One week and no tears yet! Not even close! Sure, there are two weeks to go, so I shouldn't get cocky... but I'm totally not going to cry. How could I? The Fringe is the most amazing event I have ever been a part of in my life. I love it here. Who cries over love?
[Note to New Readers: I was warned by several people that bringing a show to the Fringe would be the best time of my life, but I'd also cry quite a lot.]
There's no way I could keep up with a daily diary at my first Fringe. Frankly it would take too much time from spending actual time experiencing this place. There is too much to see and way too much to do as a one-person performer/producer/promoter/punter.
Rather than break this up day by day, I'll separate the experiences into three entries:
THE FRINGE PERFORMER:
I'm only a week into the 25 days, and I'm an exponentially better comic.
Midnight Show: Night 6 of "Life's Short. I'm Not!" would have been my absolute favorite set of my career, but then Night 7 was even better! To be honest, doing my first solo hour scared me immensely. One show in and I was hooked -- 60 minutes is a freeing amount of time, because I hit my favorite bits and still have time to play. So far, I've had small audiences of about 20-40 people (more on that below), so I feel like I'm hosting intimate gatherings, rather than playing to the rafters.
The beauty of a small crowd for a storyteller is it feels like dinner conversation, rather than a raucous party. I love feeling walls of laughter from hundreds of people, but it's not personal. With a small crowd, I get to know them and flow freely into material that feels right for that audience specifically. I can take risks and experiment. I have yet to do the same set twice. Besides doing different material here and there, my "classic" bits have taken on all new life. Frankly, I'm just having fun!
Daytime Show: I co-host "LOLympics Live" with Marcus Ryan. Neither of us had been in a duo before, but within three shows, we found our groove and played off each other to great laughs. I didn't think I'd like teaming up with someone, but it's become incredibly fun. We bring in different guests each day, so I'm getting to see a variety of interesting acts. We also ask audience members to come up and tell some kid-friendly jokes. The most memorable were from the 10-year-old redhead boy from Barbados who said he only knew racist jokes. As comics, we immediately put him on the mic. Um, they were pretty racist. Kid friendly isn't.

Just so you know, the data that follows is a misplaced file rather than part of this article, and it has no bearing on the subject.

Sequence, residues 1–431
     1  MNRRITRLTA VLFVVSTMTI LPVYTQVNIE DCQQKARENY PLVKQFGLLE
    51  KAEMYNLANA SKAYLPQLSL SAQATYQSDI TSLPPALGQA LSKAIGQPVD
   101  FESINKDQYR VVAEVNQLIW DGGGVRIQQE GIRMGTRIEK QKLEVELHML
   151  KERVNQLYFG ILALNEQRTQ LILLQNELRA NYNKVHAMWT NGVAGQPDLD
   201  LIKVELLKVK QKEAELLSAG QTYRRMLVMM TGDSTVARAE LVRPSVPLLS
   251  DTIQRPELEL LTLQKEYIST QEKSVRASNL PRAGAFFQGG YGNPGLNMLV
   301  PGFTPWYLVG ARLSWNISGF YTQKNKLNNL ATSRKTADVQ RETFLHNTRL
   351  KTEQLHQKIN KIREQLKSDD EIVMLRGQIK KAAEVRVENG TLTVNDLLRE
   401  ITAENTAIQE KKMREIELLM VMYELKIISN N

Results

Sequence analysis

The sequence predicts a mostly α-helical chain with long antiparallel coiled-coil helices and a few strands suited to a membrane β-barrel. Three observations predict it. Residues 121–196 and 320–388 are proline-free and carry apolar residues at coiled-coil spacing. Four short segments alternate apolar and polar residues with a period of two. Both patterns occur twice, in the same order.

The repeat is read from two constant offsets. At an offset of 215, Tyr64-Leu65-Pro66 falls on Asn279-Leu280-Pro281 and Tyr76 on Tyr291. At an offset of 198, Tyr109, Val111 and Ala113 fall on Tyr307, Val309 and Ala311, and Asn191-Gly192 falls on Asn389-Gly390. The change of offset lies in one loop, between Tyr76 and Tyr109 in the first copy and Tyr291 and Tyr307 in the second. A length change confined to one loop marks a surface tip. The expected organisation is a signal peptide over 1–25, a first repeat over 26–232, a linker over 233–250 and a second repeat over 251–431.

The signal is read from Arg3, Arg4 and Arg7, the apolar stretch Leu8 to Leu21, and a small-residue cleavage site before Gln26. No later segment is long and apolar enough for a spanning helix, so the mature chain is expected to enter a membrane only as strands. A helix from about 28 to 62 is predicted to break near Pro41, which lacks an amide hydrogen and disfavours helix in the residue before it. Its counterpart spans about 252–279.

Guest Sets: Besides doing my two shows, I'm trying to pick up other shows around the festival. A fun late-night hangout is Lach's Anti-Hoot. L.A. comics might compare it to the Unknown Theater in its prime. My favorite show but least favorite set was my night at Set List. I described the show in my last post: improv-based stand-up. It's not easy. It was the hardest time I've had onstage in a while, because it involves staying out of your head, without constantly reminding yourself to stay out of your head. So once I got in my head, it was a rough set. Even the best Set Listers will tell you a bad one is like a punch to the face, so it might make you tear up a little. Just a little, but I didn't cry...
Best Heckle so far: Forty-five minutes into my solo show, a drunk vomited into the seats.
Best Review: Afterwards, the crowd told me to finish the show. They were willing to sit in the stench to hear the end.
Second Best Review: This writer was there for my best set ever, I'll let him sum up my show: http://thechroniclesofanerd.wordpress.com/2012/08/03/edinburgh-fringe-bucket-list-reviews/
How could I cry after a review like that? Because it's only one, and not one of the "Big Ones." And they might not be such a fan.
THE FRINGE PRODUCER:
My shows are part of the Free Fringe Festival by Laughing Horse. They run a dozen or so venues where they don't charge the performer rental fees and the shows are all Free to See. Unlike performers in ticketed venues, Free Fringers don't pray to recoup rental fees with ticket sales. This is definitely the way to do a first Fringe, because now it's just on me to be funny and to figure out how to get people to see me because I need laughers, not money.